So the regal Spirit seals every believer in the possession of all the blessings of redemption. In this case, it is the seal of the King of kings that cannot be broken. Beyond making us certain at the present moment that we have been redeemed, the Holy Spirit seals us in the permanent possession of our salvation. For “having believed, you were marked in him with a seal, the promised Holy Spirit, who is a deposit guaranteeing our inheritance” until the day of Christ’s return (Eph. 1:13–14). It is a settled fact. His sealing work cannot be undone—all “to the praise of his glory” (v. 14).

Fourth, the Spirit sanctifies. The Apostle Paul uses a strange comparison and contrast to describe this work of the Spirit: “Do not get drunk on wine, . . . [but] be filled with the Spirit” (5:18). What happens when a person gets drunk? The alcohol of the “spirits” gets into his bloodstream and permeates every part of his person. He walks differently and talks differently, and he sees, hears, and acts differently. So is the experience of everyone who is “filled” with the Spirit. God’s holiness, the holiness of the Holy Spirit, permeates every part of his person. He goes happily to places of worship, praise, and prayer—places that he would not otherwise go. He talks boldly about Jesus the Christ. To abuse, he responds with love.

This experience of being filled with the Spirit is not something that happens once and then is done. The phrase literally reads, “Be being filled with the Spirit.” Paul calls us constantly, continually, more and more extensively to be permeated in all we think, say, and do by the abiding influence of the divine Spirit. It’s the greatest possible experience of life.

Fifth, the Spirit brings forth fruit in the life of every believer. And what a fruit it brings forth. No less than nine specific products of the Spirit are listed in Galatians 5:22–23. Even for the first three of these fruits the world would give its all: “love, joy, peace.” But little does the world know that only the indwelling Holy Spirit of God is capable of producing true love, joy, and peace in the hearts of sinners. He can and will do it when no one and nothing else can.

Sixth, the Spirit distributes gifts. Never has every believer received all the gifts, but every believer has received some gift for ministering to others (1 Cor. 12:7–11). Some people have claimed that unless a person has manifested the gift of “speaking in tongues,” he cannot have been baptized by the Spirit. But Paul makes it very plain: not all believers have received the gift of speaking in tongues, but all have been baptized into the one body of Christ by the Spirit (1 Cor. 12:13, 29–30). During the age of the Apostles, God gave revelatory gifts such as tongues and prophecy that were necessary for providing a solid foundation of revealed truth to establish an infallible guide for the life of the church throughout the ages (Eph. 2:19–20). These gifts were essential for the grounding of the church on solid, unshakable revealed truth. But since this foundation has no need of being laid again in every new generation, these specific gifts related to new revelation have not been manifest since the days of the Apostles.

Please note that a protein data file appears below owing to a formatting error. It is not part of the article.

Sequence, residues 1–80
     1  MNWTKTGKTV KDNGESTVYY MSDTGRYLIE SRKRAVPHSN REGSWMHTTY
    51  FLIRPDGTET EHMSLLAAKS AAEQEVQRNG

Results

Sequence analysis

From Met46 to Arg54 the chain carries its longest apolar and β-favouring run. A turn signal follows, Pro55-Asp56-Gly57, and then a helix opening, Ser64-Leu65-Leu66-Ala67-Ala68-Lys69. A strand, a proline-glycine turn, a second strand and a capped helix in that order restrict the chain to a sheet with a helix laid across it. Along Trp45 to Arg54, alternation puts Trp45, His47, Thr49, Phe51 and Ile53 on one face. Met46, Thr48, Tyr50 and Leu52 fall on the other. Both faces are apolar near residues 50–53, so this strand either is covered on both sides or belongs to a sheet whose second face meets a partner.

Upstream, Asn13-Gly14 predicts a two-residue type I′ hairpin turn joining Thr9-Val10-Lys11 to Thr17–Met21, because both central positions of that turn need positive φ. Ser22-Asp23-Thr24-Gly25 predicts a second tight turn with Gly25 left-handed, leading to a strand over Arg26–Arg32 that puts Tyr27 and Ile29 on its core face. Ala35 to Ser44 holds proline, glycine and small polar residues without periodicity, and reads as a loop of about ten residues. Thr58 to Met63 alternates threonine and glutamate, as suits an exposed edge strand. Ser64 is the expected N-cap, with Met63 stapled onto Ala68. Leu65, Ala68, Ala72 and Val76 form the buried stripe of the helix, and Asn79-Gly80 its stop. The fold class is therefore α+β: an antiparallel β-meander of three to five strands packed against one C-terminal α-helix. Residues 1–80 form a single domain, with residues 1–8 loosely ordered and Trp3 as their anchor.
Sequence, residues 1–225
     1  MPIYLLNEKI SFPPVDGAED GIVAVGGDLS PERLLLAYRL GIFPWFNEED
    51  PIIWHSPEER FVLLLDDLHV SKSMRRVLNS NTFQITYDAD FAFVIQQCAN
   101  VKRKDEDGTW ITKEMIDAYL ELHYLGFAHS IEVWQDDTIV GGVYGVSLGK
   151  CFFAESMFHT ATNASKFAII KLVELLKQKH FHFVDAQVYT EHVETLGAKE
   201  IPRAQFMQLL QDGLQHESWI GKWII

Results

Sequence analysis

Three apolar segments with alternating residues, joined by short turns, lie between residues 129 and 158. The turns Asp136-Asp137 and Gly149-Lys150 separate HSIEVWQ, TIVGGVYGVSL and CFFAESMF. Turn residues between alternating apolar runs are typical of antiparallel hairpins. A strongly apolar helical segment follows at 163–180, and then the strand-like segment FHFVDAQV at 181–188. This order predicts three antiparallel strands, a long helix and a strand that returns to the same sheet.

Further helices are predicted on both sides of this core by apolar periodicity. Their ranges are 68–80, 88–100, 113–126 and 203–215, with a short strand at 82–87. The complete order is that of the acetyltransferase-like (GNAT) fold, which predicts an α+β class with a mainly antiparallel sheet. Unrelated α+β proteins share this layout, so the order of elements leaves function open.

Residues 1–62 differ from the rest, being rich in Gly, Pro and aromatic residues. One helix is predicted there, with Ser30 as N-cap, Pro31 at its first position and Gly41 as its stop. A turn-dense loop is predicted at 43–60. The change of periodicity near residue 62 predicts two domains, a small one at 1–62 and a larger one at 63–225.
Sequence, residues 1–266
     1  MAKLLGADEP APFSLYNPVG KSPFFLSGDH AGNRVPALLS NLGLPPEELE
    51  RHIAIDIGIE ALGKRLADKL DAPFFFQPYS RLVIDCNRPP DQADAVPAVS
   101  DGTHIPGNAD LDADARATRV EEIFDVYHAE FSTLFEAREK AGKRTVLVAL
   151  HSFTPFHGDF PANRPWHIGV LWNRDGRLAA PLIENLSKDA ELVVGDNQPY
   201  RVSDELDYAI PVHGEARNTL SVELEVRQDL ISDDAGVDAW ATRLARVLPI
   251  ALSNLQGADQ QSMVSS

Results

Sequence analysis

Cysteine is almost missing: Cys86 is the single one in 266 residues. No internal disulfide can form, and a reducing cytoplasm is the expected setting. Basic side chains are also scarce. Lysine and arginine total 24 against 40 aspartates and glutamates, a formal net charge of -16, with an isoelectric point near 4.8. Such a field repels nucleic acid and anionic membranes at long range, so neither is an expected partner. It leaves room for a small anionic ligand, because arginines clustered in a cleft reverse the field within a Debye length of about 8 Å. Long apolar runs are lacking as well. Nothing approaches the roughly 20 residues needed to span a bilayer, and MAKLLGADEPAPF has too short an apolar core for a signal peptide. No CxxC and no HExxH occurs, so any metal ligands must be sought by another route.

Yet to every single member of the body of Christ the Spirit gives spiritual capacities for ministering to others. For some, it is the gift to preach or to teach God’s Word (Eph. 4:11). For others, it is the gift of encouragement (Rom. 12:8). For still others, it may be the gift of administration (v. 8). No greater sense of fulfillment in life can be found than when we are using our spiritual gifts to the fullest. If we are a blessing to others, we know that we are most fully blessed. And this most satisfying of experiences will come only through the outworking of God’s gifts, given to us by His Spirit.

Seventh, the Spirit empowers for worldwide witness. The resurrected Christ promised it: “You will receive power when the Holy Spirit comes on you; and you will be my witnesses” to the world (Acts 1:8). The Spirit came on the day of Pentecost, and His power for witnessing to the world has been present ever since. For two thousand years, the Christian gospel has continued to spread to every continent and nation.

By the coming of the Spirit of God into our lives, we are empowered to give a worldwide witness, as well as a local witness, by our praying, our testifying, our giving, and our going. How great a privilege it is to be the instrument of witness to the whole world by the power of Christ’s Spirit.

Indeed, the Spirit does a great work, both without and within. A proper appreciation of His mighty deeds should stir up a spirit of submission and praise, for He accomplishes far more than inspiring spontaneous utterances within the occasional assemblies of believers. Creation, redemption, and consummation are all a part of the wondrous work of the Holy Spirit.
Editor’s note: This article was originally published in July 2004.